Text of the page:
Romney's Terrible Speech


The editors of National Review proclaim that "we suspect that most people who watched the speech were impressed, sympathetic, and sometimes moved." I had an instinct to respond in time, saying that I suspect the speech will fall flat, backfire, etc., etc., etc. But why go meta? In a first-order sense, I thought the speech was dumb, and made Romney look like a deeply dishonest, somewhat foolish person.

Romney rejected the counsel of those who "would have a presidential candidate describe and explain his church's distinctive doctrines." But he couldn't actually stick to that line. He felt he desperately needed to reassure Christians worried about his relationship with Christ:

There is one fundamental question about which I often am asked. What do I believe about Jesus Christ? I believe that Jesus Christ is the Son of God and the Savior of mankind. My church's beliefs about Christ may not all be the same as those of other faiths. Each religion has its own unique doctrines and history. These are not bases for criticism but rather a test of our tolerance. Religious tolerance would be a shallow principle indeed if it were reserved only for faiths with which we agree.

It's hard to see this as anything other than an effort to trick people; the Mormon emphasis on Gethsemane rather than the crucification is not a trivial theological difference, nor is the fact that Mormons believe in "another," more important, Testament of Jesus Christ in addition to the Christian Bible. I don't personally have a stake in that quarrel but I paid enough attention in Bible class at Grace Church School to know that this isn't some nothing to be papered over.

Now if Romney had wanted to say that the nature of his beliefs about Jesus are irrelevant to the campaign, fine. Similarly, if he'd actually wanted to avoid discussing Mormon theology, fine. But he didn't stick to it. Instead, what he wanted to do was discuss just enough about Mormon theology to make it seem as similar as possible to orthodox Christianity while underscoring the idea that the nature of his belief in Christ is relevant to the campaign just insofar as his beliefs overlap with those of the Evangelical Protestants whose votes he's courting.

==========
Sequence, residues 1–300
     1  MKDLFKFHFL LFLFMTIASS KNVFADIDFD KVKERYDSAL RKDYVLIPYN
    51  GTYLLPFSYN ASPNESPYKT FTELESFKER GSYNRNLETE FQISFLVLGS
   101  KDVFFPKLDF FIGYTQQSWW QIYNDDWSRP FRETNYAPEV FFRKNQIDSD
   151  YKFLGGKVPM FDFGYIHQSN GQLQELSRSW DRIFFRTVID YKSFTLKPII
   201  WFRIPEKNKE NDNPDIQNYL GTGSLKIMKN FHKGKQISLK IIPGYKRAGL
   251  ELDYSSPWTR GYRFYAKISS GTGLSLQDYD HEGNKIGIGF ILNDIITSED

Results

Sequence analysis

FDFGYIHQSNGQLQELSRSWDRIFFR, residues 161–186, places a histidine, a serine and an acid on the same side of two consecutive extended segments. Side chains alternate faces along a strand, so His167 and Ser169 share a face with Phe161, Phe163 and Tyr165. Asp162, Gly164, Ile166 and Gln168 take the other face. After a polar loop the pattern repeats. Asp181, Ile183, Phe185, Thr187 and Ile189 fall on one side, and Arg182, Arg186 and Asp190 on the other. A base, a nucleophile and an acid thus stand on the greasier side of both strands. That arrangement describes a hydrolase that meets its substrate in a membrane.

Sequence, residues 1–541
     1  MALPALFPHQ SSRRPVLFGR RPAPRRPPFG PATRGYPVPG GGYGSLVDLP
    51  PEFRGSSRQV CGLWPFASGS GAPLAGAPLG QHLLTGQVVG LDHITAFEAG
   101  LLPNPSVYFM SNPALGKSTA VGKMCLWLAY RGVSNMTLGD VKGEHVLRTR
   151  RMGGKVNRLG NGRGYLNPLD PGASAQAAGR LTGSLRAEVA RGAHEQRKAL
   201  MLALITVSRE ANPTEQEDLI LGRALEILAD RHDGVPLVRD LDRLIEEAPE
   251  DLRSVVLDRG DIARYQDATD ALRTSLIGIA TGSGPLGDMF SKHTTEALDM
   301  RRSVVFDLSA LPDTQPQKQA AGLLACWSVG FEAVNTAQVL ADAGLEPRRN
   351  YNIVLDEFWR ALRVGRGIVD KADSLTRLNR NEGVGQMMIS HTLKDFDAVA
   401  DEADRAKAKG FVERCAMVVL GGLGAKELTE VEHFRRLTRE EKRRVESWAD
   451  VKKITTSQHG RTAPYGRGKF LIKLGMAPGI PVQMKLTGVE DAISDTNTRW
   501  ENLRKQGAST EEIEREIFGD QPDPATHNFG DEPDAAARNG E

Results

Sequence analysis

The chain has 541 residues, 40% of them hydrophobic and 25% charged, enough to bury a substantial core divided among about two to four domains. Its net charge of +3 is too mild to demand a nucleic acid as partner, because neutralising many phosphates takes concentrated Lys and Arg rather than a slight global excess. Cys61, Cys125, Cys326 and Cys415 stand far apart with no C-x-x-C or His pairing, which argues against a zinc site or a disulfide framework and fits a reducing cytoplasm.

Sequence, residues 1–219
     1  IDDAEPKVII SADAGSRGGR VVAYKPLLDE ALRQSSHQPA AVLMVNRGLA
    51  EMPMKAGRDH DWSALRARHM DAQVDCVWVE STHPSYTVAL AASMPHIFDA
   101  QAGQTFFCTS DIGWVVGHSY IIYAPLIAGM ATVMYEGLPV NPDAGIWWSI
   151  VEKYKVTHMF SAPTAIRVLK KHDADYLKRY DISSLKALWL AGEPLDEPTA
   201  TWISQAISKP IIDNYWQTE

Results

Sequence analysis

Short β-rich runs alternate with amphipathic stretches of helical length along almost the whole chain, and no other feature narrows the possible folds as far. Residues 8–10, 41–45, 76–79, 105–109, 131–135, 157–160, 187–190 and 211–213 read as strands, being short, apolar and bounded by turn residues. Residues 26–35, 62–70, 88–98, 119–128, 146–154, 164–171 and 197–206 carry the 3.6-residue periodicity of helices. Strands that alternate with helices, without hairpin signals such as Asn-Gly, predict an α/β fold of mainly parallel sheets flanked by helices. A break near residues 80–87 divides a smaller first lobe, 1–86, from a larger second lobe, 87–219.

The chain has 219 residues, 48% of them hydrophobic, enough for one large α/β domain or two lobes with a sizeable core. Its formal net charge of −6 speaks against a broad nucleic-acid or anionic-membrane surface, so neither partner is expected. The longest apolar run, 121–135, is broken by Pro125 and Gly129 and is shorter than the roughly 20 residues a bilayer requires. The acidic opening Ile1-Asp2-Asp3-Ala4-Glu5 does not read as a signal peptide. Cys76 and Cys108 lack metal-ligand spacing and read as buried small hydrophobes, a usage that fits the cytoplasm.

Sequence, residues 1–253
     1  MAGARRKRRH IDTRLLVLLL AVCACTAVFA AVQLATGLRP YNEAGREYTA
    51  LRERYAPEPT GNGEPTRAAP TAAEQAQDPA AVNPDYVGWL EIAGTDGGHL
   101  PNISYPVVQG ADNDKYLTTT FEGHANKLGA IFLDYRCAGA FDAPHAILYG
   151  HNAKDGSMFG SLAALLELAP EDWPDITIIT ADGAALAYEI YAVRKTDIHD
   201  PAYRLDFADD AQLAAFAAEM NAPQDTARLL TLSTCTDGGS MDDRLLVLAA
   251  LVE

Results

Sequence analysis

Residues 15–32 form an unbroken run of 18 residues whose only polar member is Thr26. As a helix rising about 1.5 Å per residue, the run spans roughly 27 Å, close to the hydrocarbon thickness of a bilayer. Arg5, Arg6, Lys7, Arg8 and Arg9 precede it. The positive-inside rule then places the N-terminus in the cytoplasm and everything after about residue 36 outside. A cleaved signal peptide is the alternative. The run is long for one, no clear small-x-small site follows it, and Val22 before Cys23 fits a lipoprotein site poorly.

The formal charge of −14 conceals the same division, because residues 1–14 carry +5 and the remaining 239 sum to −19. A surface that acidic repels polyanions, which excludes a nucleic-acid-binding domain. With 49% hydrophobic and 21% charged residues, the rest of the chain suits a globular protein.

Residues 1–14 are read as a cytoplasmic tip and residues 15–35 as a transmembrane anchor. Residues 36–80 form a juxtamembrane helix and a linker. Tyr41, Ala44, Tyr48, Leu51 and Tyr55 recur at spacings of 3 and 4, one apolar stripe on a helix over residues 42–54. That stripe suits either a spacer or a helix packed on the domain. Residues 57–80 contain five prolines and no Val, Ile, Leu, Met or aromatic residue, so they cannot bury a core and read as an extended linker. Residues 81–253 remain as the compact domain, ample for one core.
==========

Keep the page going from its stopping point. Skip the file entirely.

All of this meshes with Romney's disgusting efforts to unite all people of faith under the banner of excluding atheists entirely from his account of virtue. And this, in turn, combines with his ludicrous "say something nice about everyone" paragraph:

I believe that every faith I have encountered draws its adherents closer to God. And in every faith I have come to know, there are features I wish were in my own: I love the profound ceremony of the Catholic Mass, the approachability of God in the prayers of the Evangelicals, the tenderness of spirit among the Pentecostals, the confident independence of the Lutherans, the ancient traditions of the Jews, unchanged through the ages, and the commitment to frequent prayer of the Muslims.

For a passage in a speech dedicated to underscore the centrality and importance of religion, this seems like a pretty superficial understanding of what's going on. What's more "unchanged through the ages" isn't a notably accurate description of the "ancient traditions of the Jews," but I guess he couldn't think of anything else to admire about Judaism. At least it's not as dumb as commending Muslims for their "commitment to frequent prayer," which is just silly.

I've previously taken the view that Mitt Romney would be the least pernicious Republican were he to take the White House, but his entire campaign has been an insult to the collective intelligence of the American people (remember the Reagan Zone of Economic Freedom?) and with this speech he's just taking the trend one step further.

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Matthew Yglesias is a former writer and editor at The Atlantic.

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